Strong health systems for UHC
Moving towards UHC requires strengthening health systems in many countries. An important component of UHC is health financing where attention needs to be paid to raising sufficient funds, minimizing out of pocket payments through prepayment and pooling, and using available funds (including donor funding where relevant) efficiently and equitably.
Countries must also have a health workforce that can support an affordable, efficient, well-run health system that meets priority health needs through quality people-centred integrated care. Good governance, sound systems of procurement and supply of medicines and health technologies and well-functioning health information systems are other critical elements.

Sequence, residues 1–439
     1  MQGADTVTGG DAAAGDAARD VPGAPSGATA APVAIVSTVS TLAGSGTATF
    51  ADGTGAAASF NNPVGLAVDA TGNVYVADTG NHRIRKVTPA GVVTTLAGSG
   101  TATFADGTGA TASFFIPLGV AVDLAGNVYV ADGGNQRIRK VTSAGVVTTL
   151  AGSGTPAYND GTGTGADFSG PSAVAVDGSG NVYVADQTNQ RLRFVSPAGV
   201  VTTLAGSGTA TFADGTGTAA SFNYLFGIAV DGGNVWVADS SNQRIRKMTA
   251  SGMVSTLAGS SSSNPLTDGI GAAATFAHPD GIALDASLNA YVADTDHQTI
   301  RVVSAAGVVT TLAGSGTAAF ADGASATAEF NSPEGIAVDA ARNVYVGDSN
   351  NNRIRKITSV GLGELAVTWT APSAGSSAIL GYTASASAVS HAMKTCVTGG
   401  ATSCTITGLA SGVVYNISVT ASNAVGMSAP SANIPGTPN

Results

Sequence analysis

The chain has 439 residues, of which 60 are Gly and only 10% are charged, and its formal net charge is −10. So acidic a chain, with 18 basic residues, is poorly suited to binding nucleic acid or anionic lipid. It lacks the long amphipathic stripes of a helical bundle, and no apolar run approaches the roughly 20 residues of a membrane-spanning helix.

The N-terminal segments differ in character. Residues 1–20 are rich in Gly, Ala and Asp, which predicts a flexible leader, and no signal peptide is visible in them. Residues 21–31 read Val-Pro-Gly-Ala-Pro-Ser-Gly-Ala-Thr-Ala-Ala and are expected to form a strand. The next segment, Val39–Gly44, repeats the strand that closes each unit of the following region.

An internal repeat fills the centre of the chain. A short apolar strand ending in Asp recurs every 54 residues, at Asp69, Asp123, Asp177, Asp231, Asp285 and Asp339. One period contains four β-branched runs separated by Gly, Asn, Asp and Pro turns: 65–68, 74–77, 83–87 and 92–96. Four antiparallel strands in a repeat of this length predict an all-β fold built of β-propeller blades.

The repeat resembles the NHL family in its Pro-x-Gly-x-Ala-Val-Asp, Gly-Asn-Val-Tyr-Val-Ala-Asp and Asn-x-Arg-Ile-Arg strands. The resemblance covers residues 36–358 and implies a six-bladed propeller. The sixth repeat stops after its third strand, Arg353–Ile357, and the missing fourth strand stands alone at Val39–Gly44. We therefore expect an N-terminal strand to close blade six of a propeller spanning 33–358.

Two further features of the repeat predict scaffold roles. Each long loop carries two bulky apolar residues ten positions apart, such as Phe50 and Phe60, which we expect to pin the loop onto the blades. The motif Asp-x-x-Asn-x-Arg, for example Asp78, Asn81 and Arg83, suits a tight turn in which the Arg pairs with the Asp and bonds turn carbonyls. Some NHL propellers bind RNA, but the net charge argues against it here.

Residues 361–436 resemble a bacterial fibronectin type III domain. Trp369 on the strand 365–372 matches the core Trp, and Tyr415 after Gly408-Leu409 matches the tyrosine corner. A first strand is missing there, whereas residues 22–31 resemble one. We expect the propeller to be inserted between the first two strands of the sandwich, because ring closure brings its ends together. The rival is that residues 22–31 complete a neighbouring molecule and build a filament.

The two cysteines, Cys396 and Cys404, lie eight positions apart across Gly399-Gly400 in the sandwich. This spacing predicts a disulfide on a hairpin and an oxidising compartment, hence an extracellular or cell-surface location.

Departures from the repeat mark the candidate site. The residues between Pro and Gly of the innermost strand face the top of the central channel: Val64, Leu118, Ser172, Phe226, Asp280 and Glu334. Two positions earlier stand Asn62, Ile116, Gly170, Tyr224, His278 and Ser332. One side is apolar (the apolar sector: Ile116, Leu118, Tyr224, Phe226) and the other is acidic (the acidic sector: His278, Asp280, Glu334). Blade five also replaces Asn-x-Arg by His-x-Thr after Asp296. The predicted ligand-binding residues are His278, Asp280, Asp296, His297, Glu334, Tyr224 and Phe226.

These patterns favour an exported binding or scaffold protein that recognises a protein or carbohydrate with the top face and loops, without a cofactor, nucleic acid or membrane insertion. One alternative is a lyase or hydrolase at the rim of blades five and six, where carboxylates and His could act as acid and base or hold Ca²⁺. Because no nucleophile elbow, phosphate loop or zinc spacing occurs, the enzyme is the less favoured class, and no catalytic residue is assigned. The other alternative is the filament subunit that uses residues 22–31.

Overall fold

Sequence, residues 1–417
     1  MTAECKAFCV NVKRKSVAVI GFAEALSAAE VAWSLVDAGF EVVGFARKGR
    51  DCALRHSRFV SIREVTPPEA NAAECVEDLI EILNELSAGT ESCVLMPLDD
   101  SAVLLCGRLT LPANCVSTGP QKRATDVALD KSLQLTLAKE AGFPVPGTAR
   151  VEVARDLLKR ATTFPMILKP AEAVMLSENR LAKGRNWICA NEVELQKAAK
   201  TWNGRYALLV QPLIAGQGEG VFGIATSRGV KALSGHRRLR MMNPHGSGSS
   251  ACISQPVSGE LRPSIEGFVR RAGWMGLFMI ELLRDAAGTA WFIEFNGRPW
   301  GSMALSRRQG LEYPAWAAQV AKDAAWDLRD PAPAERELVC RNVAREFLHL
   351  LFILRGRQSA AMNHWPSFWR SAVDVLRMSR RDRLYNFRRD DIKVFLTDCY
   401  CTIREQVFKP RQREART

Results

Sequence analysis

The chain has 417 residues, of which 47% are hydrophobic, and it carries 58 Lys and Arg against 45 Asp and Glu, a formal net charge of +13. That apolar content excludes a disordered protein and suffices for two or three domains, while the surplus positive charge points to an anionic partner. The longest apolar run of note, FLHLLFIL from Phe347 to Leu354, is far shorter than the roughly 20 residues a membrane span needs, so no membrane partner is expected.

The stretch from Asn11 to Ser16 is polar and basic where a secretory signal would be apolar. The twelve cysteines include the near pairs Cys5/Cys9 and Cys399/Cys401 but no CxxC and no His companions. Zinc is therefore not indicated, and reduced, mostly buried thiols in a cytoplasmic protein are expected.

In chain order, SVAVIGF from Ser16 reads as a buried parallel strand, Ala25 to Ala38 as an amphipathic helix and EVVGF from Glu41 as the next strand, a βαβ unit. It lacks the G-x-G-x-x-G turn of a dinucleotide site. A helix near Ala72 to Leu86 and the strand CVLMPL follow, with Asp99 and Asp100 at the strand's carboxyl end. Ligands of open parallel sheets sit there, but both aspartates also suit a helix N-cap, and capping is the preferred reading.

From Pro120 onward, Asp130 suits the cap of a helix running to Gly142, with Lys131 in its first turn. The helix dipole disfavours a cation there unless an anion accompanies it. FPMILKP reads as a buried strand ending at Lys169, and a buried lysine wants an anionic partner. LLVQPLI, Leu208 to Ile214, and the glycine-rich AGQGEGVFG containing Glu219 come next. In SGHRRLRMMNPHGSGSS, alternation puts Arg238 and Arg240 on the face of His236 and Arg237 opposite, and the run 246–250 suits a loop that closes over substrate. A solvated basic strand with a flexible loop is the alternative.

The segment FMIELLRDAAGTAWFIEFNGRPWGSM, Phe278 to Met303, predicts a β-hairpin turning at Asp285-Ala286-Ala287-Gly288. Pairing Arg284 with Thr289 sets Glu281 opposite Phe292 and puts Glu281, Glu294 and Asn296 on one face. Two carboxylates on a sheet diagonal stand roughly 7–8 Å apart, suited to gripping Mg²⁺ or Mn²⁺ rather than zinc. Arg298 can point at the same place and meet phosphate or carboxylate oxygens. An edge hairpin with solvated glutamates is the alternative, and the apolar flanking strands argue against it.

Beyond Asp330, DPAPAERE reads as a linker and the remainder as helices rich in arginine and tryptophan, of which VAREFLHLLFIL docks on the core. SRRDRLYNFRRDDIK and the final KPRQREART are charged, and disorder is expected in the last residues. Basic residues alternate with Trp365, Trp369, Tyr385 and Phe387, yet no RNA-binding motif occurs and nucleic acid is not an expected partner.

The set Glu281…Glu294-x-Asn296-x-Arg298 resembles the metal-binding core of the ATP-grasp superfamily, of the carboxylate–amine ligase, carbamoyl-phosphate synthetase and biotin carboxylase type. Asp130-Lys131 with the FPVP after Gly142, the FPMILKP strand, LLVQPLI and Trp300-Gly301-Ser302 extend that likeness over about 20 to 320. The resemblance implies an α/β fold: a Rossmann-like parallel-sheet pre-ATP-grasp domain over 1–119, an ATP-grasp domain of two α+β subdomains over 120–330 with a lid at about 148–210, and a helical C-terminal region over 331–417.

UHC emphasizes not only what services are covered, but also how they are covered through focusing on people-centred health care and integration of care. A shift in health service delivery is necessary to better tailor services to the individuals of the population they serve. Health systems should be organized around the needs and expectations of people in terms of holistic long-term health to help them better understand their own health-care needs.
Integrated health services mean a delivery that enables people to receive a continuum of health promotion, disease prevention, diagnosis, treatment, disease-management, rehabilitation and palliative care services, through the different levels and sites of care within the health system over the course of a lifetime. Members of a community are then better equipped to take preventative measures on their own creating cost-saving efficiency in the long term.